How to clean up the iPhone apps you don’t use

As we use our phones year after year or transfer everything over to a new device, many of us have accumulated a catalog of apps that we downloaded at one point but haven’t actually used in months (or possibly years). Whether it’s a failed social network, the companion app for the smart device you threw in the trash or just Duolingo shaming you for giving up on learning Spanish, all these apps can take up valuable space on our phone’s storage, clutter up our home screens, and, in worst case scenarios, even drain our batteries.

In this article, I’ll go over some quick and easy ways to get rid of apps you no longer use and to make apps that you don’t use very often a little more efficient.

Note: the screenshots in this article were taken using iOS 16, which is currently in beta. Screens may appear slightly different on previous versions of the OS, but the instructions will work for iOS 15 and 16.

Use the Offload Unused Apps features

If you’re looking for the easiest way possible to free up some space, you can use the Offload Unused Apps feature built into iOS. Once activated, it’ll automatically uninstall the apps that you don’t use, though Apple doesn’t really provide details on how long you have to ignore an app before it is offloaded. Unlike when you delete an app from your phone, though, offloaded apps will stick around on your home screen or in your app library — just with a cloud icon next to their name. If you tap on an offloaded app, your phone will automatically download it again, and you can pick back up more or less where you left off.

Apps that have been offloaded will be marked with a download symbol.

To have your phone automatically offload apps, you can go to Settings > App Store, then toggle Offload Unused Apps. (You can turn the feature off here as well.)

If you want to first see how much space the feature can save you, then before you turn it on, go to Settings > General > iPhone Storage. In most cases, there’ll be a section telling you how much space the feature can save you alongside an Enable button that will turn it on. The storage screen also provides some great info on how much space your phone has left and how much space each app and its data takes up. It can also be a good gauge of how large an app is when you’re manually deleting it, which I’ll touch on in a moment.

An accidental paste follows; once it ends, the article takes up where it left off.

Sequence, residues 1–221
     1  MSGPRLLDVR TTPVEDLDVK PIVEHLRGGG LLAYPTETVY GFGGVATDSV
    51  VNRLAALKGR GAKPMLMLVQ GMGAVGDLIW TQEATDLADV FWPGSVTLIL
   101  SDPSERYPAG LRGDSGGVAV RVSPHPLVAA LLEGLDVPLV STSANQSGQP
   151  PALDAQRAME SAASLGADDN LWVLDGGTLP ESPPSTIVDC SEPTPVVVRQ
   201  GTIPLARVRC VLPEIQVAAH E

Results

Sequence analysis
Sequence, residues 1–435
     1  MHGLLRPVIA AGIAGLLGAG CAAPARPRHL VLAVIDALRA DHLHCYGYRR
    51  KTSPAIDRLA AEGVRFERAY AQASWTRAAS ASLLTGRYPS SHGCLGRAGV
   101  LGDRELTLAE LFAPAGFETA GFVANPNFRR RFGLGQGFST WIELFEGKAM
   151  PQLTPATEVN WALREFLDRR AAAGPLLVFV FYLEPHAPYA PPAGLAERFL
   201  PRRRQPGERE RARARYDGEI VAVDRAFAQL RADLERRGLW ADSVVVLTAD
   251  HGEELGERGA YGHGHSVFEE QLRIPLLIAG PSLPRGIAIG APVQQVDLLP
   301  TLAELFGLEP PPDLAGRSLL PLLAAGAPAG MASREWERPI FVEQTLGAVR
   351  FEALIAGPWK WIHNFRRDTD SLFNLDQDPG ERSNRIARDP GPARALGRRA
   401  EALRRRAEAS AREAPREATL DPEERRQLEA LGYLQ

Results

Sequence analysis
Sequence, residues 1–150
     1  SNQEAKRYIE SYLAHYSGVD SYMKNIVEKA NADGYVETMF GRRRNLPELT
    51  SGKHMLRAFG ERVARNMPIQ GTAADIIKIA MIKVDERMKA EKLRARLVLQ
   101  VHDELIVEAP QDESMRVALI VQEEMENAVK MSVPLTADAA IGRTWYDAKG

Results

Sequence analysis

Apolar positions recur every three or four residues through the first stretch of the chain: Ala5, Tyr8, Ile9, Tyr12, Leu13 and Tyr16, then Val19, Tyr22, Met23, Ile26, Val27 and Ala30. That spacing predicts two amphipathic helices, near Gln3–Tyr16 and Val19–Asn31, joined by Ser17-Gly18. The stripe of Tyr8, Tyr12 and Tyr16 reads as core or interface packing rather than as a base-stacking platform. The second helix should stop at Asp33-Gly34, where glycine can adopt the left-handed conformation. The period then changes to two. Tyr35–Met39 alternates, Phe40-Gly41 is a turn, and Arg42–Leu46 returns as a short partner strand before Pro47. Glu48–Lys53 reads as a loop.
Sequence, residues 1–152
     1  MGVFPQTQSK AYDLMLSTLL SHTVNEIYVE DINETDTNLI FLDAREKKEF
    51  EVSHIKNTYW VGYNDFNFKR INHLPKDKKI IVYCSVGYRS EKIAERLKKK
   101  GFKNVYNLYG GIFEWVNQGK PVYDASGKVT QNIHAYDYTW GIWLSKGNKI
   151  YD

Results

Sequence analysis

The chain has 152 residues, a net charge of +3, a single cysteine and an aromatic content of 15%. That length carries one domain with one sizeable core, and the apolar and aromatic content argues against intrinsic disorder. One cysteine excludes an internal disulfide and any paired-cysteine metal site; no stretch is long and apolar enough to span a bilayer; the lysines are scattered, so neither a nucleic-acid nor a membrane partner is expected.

Screenshot showing the iPhone Storage screen, with the Offload Unused Apps recommendation

Using the iPhone Storage screen, you can see how much space the Offload Unused Apps feature will save you.

There are a few downsides to using the Offload Unused Apps feature.

First, Apple’s support documentation strongly implies that you won’t be able to re-download an offloaded app if it’s removed from the App Store. So if you’re keeping some depreciated apps for archival purposes, you may not want to turn on automatic offloading.

It can also bite you if there’s an app that you only use in areas where coverage is spotty or non-existent. For example, it wouldn’t be a lot of fun if you discover that your phone had offloaded your hiking map app when you got to the trailhead.

Offload apps manually

While I wasn’t able to find a way to prevent specific apps from being offloaded by the automatic system, you can offload apps manually instead of having your phone choose which apps to delete. To do so, go to Settings > General > iPhone Storage and choose the app you’re trying to get rid of from the list. Then tap the Offload App button.

Permanently delete apps

If you’re looking to get rid of unused apps entirely, there are a few ways to do it.

One of my personal favorites involves going to the App Store, then tapping my profile picture in the top right to access the list of apps that have been updated recently. If I notice one there that I basically never use, I can swipe left on it to access a delete button. Checking on this once a month or so will keep your phone pretty clean.

Gif showing how you can delete apps from the App Store’s update screen

If you manually update your apps, this technique will be even handier.

If you’d rather do one big sweep to get rid of all the apps you don’t use at once, the app library makes it relatively easy. Scroll to the right through your home screens until you see all your apps categorized on one page. From there, you can look through each category and delete the apps you no longer need by pressing and holding on their icons and tapping Delete App.

Don’t forget that the categories may have more apps than you can see from the main app library screen — tapping on the bottom right corner of a category will open it and display all the apps.

One final option is through the iPhone Storage screen in Settings > General. If you tap on the apps in the list (which are ordered by how much space they take up on your phone), you’ll see a Delete App option under the offload button. If you go through the list deleting every app you don’t use, you could end up with a lot of free space and a less cluttered phone.

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